To set the theme for the year, Hai Tien Lo at Pan Pacific Singapore is launching a refreshed menu consisting of Cantonese flavours starting the 1st of March 2017. The Chinese restaurant is known to constantly present new twists to classics and I was there not too long ago to check out the sizzling claypot specialties. The new Cantonese specialties at Hai Tien Lo as a whole places greater emphasis in seafood. A fine wine list is even available for wonderful pairing experiences.
I was recently invited for a media luncheon at Hai Tien Lo. It was my first time to dine in one of the restaurant’s private rooms and I was impressed by the huge dinner table that could easily accommodate 20 people.
We started off with a combination platter consisting of Deep-fried Crispy Prawn with Mango and Pomelo Sauce ($12 per person) and Barbecue Honey-Glazed Pork with Foie Gras ($16). To be honest, I am perfectly happy with their Crispy Prawn with Wasabi. The new fruity coating that went with the prawns this time was an interesting change and obviously a much sweeter one that provided for a sharp contrast to the prominent crustacean flavour. The highlight to me however was the crispiness which was consistent with what I tried previously, albeit with a different coating. The honey-glazed pork on the other hand was topped with some seriously sinful foie gras. While the two components were wonderful when consumed separately, I thought there was more contrast in the texture – silky and melt-in-your-mouth against the springy meat – rather than in taste.
The Double-Boiled Fish Maw with Bamboo Pith in Fish Bone Broth ($68 per person) is a must-try. The broth is actually meticulously prepared. It is first simmered with fish bone for up to six hours while the cleaning and preparation of the fish maw takes up to two days. The result is a hearty and thick soup with plenty of collagen and a sweet and robust flavour. I am usually partial to fish maw soup but the one from Hai Tien Lo deserves to be tasted.
A different take to to bamboo clams which are usually flavoured with lots of garlic, the Stir-fried Fresh Scotland Bamboo Clam with Chef’s Signature XO Chilli Sauce ($13 per piece, minimum 2 pieces) is cut up into a few pieces and sprinkled with mushrooms, a bit of vegetables and finally, the addicting Hai Tien Lo XO Sauce. Make sure to try the deep fried golden mushrooms that come with it!
For those familiar with the iconic Beggar’s Chicken, the Salt-Crusted Traditional Stewed Chicken with Dried Scallops in Lotus Leaf ($88 for a whole chicken) provides more than a faint reminder. Again, this dish requires hours of preparation. The chicken is wrapped in lotus leaves with a range of premium ingredients such as dried scallops, mushrooms, bamboo shoots, carrots and Chinese Angelica and encased in a layer of salt crust which seals in all the aromas and flavours. It is then baked for an hour and upon cracking open the baked salt crust, the tender and juicy meat is revealed.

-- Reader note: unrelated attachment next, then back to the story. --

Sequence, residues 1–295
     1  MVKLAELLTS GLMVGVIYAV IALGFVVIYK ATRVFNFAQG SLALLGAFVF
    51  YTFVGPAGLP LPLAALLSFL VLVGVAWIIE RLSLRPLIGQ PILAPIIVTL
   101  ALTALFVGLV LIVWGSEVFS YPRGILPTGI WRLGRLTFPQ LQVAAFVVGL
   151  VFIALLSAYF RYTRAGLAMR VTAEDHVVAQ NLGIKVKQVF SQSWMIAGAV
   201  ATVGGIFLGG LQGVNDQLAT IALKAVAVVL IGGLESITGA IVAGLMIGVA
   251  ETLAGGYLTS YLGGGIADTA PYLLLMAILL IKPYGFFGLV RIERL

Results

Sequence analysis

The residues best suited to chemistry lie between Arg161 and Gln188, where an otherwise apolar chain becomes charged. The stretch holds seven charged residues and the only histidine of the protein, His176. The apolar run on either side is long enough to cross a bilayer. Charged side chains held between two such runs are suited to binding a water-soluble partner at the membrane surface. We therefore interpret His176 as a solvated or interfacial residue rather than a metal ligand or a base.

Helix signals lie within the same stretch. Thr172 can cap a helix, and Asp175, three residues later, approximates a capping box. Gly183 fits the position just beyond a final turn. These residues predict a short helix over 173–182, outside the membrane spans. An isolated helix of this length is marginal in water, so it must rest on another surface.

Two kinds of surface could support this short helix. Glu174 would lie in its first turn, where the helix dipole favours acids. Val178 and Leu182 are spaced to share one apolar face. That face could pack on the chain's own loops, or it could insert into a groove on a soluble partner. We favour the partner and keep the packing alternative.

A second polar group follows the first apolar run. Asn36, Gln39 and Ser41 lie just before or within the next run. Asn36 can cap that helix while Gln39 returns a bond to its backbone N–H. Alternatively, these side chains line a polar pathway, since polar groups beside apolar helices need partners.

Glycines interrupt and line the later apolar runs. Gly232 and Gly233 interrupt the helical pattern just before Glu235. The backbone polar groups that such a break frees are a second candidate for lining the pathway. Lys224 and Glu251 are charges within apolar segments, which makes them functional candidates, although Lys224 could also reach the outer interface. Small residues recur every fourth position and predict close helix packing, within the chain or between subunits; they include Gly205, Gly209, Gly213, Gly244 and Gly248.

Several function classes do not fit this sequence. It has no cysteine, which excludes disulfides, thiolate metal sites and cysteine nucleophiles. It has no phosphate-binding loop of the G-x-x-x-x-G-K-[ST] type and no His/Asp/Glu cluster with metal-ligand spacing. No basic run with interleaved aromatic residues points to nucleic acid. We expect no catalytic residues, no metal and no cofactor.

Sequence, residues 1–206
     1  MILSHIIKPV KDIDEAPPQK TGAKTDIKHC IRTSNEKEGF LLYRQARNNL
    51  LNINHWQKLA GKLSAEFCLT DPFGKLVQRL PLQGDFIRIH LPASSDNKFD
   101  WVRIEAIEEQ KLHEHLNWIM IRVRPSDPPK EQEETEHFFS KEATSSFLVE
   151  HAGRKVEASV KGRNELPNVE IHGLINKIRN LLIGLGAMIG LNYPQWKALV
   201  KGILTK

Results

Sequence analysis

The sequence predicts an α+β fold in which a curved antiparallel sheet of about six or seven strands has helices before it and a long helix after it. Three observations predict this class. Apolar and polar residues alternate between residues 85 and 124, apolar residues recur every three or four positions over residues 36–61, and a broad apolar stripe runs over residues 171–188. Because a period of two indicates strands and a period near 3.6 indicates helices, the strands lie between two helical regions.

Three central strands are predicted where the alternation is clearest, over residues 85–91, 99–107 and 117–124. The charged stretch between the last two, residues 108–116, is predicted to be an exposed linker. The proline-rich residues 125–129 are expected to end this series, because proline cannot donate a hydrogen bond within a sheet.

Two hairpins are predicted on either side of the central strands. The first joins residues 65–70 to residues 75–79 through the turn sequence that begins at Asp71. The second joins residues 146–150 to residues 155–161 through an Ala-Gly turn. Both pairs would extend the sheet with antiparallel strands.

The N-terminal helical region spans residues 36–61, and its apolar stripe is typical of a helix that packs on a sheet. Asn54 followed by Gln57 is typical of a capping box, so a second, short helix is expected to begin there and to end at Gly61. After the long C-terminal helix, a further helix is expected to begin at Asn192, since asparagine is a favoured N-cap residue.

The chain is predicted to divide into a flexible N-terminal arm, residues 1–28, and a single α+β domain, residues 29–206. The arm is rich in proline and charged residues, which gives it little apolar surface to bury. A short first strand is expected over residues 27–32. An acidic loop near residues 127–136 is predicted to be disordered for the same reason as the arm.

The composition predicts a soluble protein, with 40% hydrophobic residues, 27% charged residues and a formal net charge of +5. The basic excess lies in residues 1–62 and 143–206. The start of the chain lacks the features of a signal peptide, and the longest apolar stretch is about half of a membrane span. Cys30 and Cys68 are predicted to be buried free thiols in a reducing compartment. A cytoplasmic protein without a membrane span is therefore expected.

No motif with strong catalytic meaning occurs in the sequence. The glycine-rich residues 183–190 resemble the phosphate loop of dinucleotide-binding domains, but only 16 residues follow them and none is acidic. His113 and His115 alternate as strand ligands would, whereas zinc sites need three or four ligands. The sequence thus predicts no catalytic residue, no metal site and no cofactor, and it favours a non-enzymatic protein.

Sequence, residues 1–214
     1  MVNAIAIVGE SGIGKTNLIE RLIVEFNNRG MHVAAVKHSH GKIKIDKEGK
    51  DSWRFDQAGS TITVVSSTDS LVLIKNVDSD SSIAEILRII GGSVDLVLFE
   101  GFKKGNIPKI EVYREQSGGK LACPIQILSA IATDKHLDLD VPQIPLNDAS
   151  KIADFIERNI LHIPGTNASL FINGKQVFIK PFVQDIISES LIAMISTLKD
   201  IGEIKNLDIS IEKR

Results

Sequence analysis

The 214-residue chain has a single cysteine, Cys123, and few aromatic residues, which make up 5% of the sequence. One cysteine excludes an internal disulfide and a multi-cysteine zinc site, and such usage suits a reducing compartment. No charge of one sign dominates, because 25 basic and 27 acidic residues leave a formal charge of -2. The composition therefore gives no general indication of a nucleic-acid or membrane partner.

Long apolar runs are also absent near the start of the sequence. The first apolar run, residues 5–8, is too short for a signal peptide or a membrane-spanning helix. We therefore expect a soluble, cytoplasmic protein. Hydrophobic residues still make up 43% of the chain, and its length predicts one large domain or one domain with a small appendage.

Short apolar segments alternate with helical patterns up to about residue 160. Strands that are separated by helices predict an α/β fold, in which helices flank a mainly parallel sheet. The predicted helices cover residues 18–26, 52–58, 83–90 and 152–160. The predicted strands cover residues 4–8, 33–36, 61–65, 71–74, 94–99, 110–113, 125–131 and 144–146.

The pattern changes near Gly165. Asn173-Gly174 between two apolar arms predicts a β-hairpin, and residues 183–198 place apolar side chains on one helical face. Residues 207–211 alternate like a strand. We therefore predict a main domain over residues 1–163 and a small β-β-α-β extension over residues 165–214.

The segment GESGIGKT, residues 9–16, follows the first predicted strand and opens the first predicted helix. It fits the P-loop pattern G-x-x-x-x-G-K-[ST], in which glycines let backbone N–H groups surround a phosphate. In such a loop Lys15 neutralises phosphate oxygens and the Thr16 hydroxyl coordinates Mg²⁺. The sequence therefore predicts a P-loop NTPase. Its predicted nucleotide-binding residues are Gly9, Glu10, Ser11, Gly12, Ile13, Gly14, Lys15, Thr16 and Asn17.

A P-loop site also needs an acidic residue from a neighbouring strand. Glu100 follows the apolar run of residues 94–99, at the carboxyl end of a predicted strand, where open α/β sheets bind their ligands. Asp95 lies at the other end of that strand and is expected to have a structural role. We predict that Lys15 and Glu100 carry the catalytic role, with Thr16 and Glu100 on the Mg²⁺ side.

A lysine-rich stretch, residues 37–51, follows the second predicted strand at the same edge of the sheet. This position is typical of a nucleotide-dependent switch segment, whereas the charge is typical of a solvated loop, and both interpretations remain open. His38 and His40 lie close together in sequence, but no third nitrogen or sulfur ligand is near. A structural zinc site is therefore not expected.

The poultry itself has a very distinct herbal aroma and is not stuffed. In that respect, it differs with the traditional Beggar’s Chicken. Do note that you have to order in advance if you wish to try this.
While the bulk of the new menu focuses on seafood, veggie lovers have the option of trying the Stewed Egg Bean Curd with Diced Chicken and Aubergine in Fragrant Vinegar and Spicy Bean Paste Sauce (starts at $24 for small portion). I loved how flaky the crust was and the tofu went very well with the bean paste sauce. Like the dishes preceding it, you would be reminded of a familiar Chinese dish – in this case it would be mapo tofu – but with a twist.
There seems to be a trend in incorporating udon into crustacean dishes. That is why I suddenly thought of a lobster dish I tried at Wan Hao upon being presented with the Steamed King Prawn with Inaniwa Udon in Egg White and Chinese Wine ($18 per person). The udon came thin and smooth although overall the broth was relatively light on the palate. Nonetheless, it is a refreshing change to your typical carbohydrate dish.
We ended the meal with a trio of desserts – Chilled Glutinous Rice Rolls with Mao Shan Wang Durian Paste ($24 per person), Chilled Osmanthus with Snow Swallow ($8 per person) and Steamed Egg Custard Buns with Cheese ($16 per person). The glutinous rice rolls was notable and my tummy is grumbling now as I reminisce that creamy durian filling within the sticky glutinous roll. The custard bun on the other hand was rich with the egg yolk molten into a savoury liquid. The cheese was evidenced via small chunks that came with it although the cheesiness was not too strong.
You can check out Hai Tien Lo’s new ala carte menu, which is applicable from 1st March 2017, here.
Hai Tien Lo
Pan Pacific Singapore
7 Raffles Boulevard
+65 6826 8240